Seminar: ICBS Seminar | February 10 | 11 a.m.-12:30 p.m. | 5101 Tolman Hall

Maxine Sheets-Johnstone, University of Oregon

Neuroscience Institute, Helen Wills

Descriptive foundations and a concern with origins are integral to both Husserlian phenomenology and Darwinian evolutionary biology. The complementary aspects are rooted in the lifeworld as it is experienced. Detailed specifications of the complementary aspects testify to a mutual relevance of phenomenology to evolutionary biology and of evolutionary biology to phenomenology. Exemplifications of...   More >

Monday, February 13, 2017

Building a Platform for Machine Intelligence

Seminar: Oxyopia Seminar | February 13 | 12-1:30 p.m. | 489 Minor Hall

Amir Khosrowshahi, Intel Corporation

Neuroscience Institute, Helen Wills

Deep learning is now state-of-the-art across a wide variety of machine learning domains including speech, video, and text. Nervana is a startup providing deep learning as a platform. Nervana’s core technology is a novel processor architecture for deep learning providing an enabling increase in speed, scale, and efficiency. I will talk about some of our engineering and early efforts in working on...   More >

Wednesday, February 15, 2017

Thursday, February 16, 2017

Friday, February 17, 2017

ICBS Seminar

Seminar: ICBS Seminar | February 17 | 11 a.m.-12:30 p.m. | 5101 Tolman Hall

Poppy Crum, Dolby Labs

Neuroscience Institute, Helen Wills

Tuesday, February 21, 2017

Temporal Coding and the Perception of Musical Harmony: Berkeley Ear Club

Colloquium | February 21 | 4 p.m. | Tolman Hall, 3201/ Warner Brown Room

Chris Plack, University of Machester, UK

Department of Psychology

Chris Plack, University of Manchester
Temporal fluctuations in sounds are represented by the synchronized firing patterns of neurons in the auditory nerve and auditory brainstem. These patterns can be measured in humans using electroencephalography, and are reflected in a sustained response called the “frequency-following response” (FFR). When two musical notes with simple frequency ratios are...   More >

Wednesday, February 22, 2017

Friday, February 24, 2017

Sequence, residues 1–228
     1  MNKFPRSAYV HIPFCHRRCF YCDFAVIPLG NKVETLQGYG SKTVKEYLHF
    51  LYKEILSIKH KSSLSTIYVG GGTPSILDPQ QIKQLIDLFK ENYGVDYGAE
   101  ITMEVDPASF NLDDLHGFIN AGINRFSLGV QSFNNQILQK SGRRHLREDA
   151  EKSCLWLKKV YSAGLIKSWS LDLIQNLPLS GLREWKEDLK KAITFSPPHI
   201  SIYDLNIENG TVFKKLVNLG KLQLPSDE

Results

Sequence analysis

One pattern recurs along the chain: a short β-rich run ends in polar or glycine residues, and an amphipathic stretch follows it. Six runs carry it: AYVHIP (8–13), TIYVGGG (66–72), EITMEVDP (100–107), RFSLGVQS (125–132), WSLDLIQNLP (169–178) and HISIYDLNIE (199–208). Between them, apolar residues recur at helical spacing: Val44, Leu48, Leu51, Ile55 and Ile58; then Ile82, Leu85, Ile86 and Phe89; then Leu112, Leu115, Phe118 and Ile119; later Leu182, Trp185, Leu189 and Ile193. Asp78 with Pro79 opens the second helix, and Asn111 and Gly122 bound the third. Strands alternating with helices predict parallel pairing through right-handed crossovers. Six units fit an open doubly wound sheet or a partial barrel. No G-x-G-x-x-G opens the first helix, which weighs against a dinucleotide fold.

Subjectivity and Learning

Seminar: ICBS Seminar | February 24 | 11 a.m.-12:30 p.m. | 5101 Tolman Hall

Peter Godfrey-Smith, City University of New York and University of Sydney

Neuroscience Institute, Helen Wills

Monday, February 27, 2017

Benjamin Backus, PhD

Seminar: Oxyopia Seminar | February 27 | 12-1:30 p.m. | 489 Minor Hall

Benjamin Backus, ​State University of New York ​

Neuroscience Institute, Helen Wills


Two-photon Imaging and Manipulation of Cortical Neural Circuits in vivo

Seminar | February 27 | 4-5 p.m. | Soda Hall, HP Auditorium (306)

Weijian Yang, Postdoctoral Research Scientist, Columbia University

Electrical Engineering and Computer Sciences (EECS)

One challenge of understanding how the brain works is the complexity of neural circuits. Optical methods provide a route to record and manipulate the neural activity of a small subset of neuron cells with cellular resolution. In this talk, I will discuss our approach to tackling the above challenges through novel three-dimensional (3D) imaging and optical manipulation methods.

Two-photon Imaging and Manipulation of Cortical Neural Circuits in vivo

Seminar: Neuroscience Seminar | February 27 | 4-5 p.m. | 306 Soda Hall

Weijian Yang, Columbia University

Neuroscience Institute, Helen Wills

One challenge of understanding how the brain works is the complexity of neural circuits. These circuits are composed of hundreds of thousands of neurons that are interconnected in a highly distributed fashion. Optical methods provide a route to record and manipulate the neural activity of a small subset of these cells with cellular resolution. The desire to access a larger volume with higher...   More >